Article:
At this point, it seems like there’s just no avoiding YouTube as a parent. Even if you decide to be a “no YouTube” family chances are good your kid is going to befriend people from more-plugged-in households. In optimal settings, the platform offers hundreds of thousands of hours of videos to entertain your child. In less-than-optimal settings, your child might be watching Peppa Pig one minute and untold horrors the next. Below, some best practices on limiting YouTube to the genuinely kid-friendly.
For Regular YouTube:
1. Turn on Restricted Mode, which hides “potentially mature videos.” Note: You have to turn it on or off individually for every browser or device your kid might use to watch videos. Also note: YouTube is very clear this filter is not 100 percent effective, but it’s better than nothing.
2. Subscribe to channels you trust. Spend some time with your kid’s YouTube account — or yours, if you share — and find creators whose videos are both entertaining and also feel safe enough that you can leave your child alone with an iPad without you giving you an ulcer wondering if their cartoons are spliced with a snuff film. By doing this, you’re also showing YouTube’s algorithm the kinds of content you want to be shown.
3. Check your Watch History and remove anything problematic. YouTube uses what you’ve previously watched to fuel recommendations, so curating the list will help keep the algorithm suggesting positive content. This history also allows you — assuming your smart-ass kid hasn’t figured out how to wipe it — to see what your child has been watching and discuss it with them.
4. Turn off Autoplay, so that when your child finishes watching a video they won’t immediately be served another video followed by another and another until their brain turns to Blippi-fueled soup.
5. Teach your kids how to flag inappropriate content. Tap the triple-dots icon — on mobile it’s on the top right-hand corner of the screen, on a desktop it’s beneath the video player — and click Report.
6. Consider paying for YouTube Premium. It might seem counterintuitive to give your money to a fraught platform that has historically been not great at keeping kids safe, but for $12 you can use YouTube without seeing any ads. (Your Premium subscription also removes ads from YouTube Kids.) Subscribers can also download videos for offline viewing, which means you could vet and download a bunch of videos from creators your kid likes in advance and then give them a device that is not connected to the internet. (Downloads remain as long as your device connects to the internet once every 30 days.) Think of it as the YouTube version of popping in a VHS tape in 1995. You know exactly what your kids are going to get and how long it’ll run.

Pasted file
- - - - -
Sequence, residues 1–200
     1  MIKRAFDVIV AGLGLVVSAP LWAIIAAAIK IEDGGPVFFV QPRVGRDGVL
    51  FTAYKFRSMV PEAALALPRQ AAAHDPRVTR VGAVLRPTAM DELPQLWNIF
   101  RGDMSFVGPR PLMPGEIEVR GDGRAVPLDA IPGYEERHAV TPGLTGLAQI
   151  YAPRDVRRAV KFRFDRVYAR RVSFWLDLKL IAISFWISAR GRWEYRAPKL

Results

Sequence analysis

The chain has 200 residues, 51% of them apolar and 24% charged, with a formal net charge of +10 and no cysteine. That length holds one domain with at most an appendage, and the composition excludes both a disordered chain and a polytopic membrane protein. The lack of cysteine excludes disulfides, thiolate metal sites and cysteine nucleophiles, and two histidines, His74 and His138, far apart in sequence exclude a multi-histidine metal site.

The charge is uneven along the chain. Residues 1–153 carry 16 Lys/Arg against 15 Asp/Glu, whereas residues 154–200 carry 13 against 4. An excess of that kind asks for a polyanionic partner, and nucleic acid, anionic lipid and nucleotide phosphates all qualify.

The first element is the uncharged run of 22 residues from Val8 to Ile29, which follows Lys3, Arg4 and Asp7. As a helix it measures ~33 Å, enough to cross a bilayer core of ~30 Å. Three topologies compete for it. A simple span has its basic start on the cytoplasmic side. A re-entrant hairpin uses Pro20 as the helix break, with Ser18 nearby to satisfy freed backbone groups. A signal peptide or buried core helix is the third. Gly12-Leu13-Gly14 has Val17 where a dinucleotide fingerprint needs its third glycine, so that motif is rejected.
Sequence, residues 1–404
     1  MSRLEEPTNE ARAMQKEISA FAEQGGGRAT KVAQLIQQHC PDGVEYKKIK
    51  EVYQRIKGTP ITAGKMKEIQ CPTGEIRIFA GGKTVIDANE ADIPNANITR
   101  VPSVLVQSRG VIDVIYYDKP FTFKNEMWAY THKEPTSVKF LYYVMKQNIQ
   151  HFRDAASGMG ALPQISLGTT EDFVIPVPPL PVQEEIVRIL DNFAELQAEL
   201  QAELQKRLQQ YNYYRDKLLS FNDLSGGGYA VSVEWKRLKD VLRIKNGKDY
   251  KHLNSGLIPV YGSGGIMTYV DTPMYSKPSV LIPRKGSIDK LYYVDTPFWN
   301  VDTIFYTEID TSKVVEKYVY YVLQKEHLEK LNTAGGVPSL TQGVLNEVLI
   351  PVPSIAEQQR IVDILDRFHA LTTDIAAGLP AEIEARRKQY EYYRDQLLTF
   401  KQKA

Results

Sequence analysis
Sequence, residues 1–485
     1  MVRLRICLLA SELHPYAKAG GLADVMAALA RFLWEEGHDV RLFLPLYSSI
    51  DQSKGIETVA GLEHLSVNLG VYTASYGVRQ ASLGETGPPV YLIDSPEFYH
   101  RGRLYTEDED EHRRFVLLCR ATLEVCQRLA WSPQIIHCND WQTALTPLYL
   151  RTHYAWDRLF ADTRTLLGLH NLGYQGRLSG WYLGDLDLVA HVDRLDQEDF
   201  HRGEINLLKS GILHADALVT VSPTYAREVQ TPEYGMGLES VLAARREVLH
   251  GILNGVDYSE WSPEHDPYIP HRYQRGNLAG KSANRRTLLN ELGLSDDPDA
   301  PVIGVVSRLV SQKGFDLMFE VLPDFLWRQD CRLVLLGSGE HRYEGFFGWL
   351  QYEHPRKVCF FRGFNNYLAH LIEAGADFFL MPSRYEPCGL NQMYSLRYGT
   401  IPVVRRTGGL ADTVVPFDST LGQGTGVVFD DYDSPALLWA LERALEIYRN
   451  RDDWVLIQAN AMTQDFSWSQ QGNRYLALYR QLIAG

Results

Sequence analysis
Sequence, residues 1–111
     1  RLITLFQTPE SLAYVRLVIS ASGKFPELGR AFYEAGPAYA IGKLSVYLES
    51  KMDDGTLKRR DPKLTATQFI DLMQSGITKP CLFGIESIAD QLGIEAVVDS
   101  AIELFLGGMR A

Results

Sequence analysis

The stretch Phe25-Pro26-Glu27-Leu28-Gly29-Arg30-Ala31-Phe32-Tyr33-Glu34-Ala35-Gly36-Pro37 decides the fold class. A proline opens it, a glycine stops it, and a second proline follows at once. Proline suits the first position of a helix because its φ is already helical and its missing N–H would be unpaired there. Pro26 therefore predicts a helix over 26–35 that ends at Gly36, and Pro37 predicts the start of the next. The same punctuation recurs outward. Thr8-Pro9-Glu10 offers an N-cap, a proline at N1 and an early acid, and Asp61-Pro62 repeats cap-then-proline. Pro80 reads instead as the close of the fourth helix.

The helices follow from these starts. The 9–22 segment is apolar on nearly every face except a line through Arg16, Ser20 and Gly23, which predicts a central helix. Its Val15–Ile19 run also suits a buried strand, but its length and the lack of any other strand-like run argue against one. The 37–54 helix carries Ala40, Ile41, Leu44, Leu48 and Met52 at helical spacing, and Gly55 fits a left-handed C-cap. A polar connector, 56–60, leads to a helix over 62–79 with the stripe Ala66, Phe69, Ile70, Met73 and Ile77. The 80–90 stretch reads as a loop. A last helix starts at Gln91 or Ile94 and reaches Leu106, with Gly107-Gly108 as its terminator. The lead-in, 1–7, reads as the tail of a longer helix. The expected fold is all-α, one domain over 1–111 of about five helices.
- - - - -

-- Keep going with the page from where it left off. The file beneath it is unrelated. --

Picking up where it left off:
For YouTube Kids:
1. Select the Approve Yourself option when you set your child’s profile. It’s a pain and requires more work on your end, but it’s the only way to guarantee your kids are only watching videos you’ve selected in advance. In this mode, you’ll be able to hand-pick every video they see and they won’t be able to search for any other content. Think of it as curating a video library for your kids. YouTube offers content settings by age bracket, but notes “not all videos have been manually reviewed.” Which is code for “We’re not liable if Momo shows up and terrorizes your 5-year-old son.
2. Set passwords for each individual child’s account linked to your account. This way your 3-year-old can’t get into videos you’ve picked for your 10-year-old. Each kid will need a personal four-digit code, which should be different from the code you use to access the parent account. You can have up to eight kids per parent account.
3. If your kid can do basic multiplication, change to a numeric passcode. YouTube Kids uses math problems as a gatekeeper for the settings page, but the questions probably won’t stump your 12-year-old. Opt to change it to a four-digit code instead. (And then don’t tell your child the code. Meaning you probably shouldn’t just use the one that unlocks your phone.)
4. Set a time limit. YouTube Kids will give your child the boot after they’ve burned through their allotted screen time for that day.
*A version of this article appears in the December 23, 2019, issue of New York Magazine. Subscribe Now!